Traditionally, these have been used to pay policyholders' bonuses. But in the case of insurance companies that are not mutually owned, the fashion increasingly is to allocate ownership of these orphan assets to shareholders rather than policyholders. And what's wrong with that given that it is shareholders' capital which has contributed to the success of the life fund?
There are several potential problem areas here. Although the surpluses distributed in this way have to be negotiated with and approved by the Department of Trade and Industry, as often as not the chief actuary who makes the calculation of what the fund can afford is also a senior employee of the company. In Britannic's case, the chief executive, in fact. This immediately raises a potential conflict of interest between his duties to shareholders as opposed to policyholders.
Second, the surpluses have often built up because of a conservative distribution policy by the company, whereby the bonuses it pays out to policyholders are modest by comparison to the investment gains being made by the fund. Members of a mutual insurer can say that all the money in their life fund belongs to them. If a way is then found to unlock surpluses in the fund, as happened with Scottish Amicable in its takeover by Prudential, the assets are theirs.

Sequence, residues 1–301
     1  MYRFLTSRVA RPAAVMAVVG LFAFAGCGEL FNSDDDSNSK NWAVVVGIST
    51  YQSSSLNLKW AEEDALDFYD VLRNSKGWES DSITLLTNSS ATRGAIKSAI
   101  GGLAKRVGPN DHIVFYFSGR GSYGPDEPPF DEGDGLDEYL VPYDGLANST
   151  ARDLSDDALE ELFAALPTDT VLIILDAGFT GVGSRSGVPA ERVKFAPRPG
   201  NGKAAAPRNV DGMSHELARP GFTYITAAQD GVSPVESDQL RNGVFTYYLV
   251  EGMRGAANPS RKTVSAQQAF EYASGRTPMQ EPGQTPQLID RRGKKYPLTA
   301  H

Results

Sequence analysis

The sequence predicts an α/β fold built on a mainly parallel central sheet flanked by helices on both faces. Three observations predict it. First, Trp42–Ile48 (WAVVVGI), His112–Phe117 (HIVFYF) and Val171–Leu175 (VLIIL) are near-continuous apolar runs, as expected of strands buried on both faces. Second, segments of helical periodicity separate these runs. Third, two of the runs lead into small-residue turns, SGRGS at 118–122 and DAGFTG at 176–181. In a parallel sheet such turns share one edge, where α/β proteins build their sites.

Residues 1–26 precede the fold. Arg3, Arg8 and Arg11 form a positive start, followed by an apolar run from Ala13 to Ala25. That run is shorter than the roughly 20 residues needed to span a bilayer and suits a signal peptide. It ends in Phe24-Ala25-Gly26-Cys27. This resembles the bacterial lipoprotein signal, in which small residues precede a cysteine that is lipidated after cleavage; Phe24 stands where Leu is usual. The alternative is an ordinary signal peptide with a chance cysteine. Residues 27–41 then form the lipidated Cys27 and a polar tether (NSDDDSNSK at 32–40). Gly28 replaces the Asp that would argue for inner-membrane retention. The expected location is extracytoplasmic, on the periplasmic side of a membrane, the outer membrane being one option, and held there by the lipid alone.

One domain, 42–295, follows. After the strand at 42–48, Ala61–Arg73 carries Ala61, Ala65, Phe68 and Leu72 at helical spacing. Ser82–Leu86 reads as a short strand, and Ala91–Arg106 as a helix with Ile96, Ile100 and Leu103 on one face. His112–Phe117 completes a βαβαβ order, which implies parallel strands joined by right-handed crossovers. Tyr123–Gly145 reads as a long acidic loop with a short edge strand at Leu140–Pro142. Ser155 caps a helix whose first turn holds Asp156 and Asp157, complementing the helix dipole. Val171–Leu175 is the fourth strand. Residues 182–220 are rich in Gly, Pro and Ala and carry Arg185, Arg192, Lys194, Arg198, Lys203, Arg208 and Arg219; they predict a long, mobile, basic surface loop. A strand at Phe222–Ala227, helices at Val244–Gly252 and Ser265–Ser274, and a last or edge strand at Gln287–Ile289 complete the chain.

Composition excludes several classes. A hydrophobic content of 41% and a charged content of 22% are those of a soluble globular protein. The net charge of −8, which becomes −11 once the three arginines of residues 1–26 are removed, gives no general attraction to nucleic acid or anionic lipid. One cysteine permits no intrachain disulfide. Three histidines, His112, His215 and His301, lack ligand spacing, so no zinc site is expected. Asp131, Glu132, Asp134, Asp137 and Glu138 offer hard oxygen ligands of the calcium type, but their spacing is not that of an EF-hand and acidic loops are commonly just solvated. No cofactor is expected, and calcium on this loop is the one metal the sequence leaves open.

In some cases it is more complicated than this, because, as with L&G and, Britannic argues, itself, the surplus identified has come not just from better investment returns from with-profits business, but also from shareholders' capital in the life fund. Britannic says the money comes from business written before the with-profit fund was set up. Even so, the argument still applies: if shareholders are going to grab a slice of the cake where does that leave the legitimate interests of policyholders? The orphan asset issue seems as good a reason as any for shopping with a mutual every time.Reuse content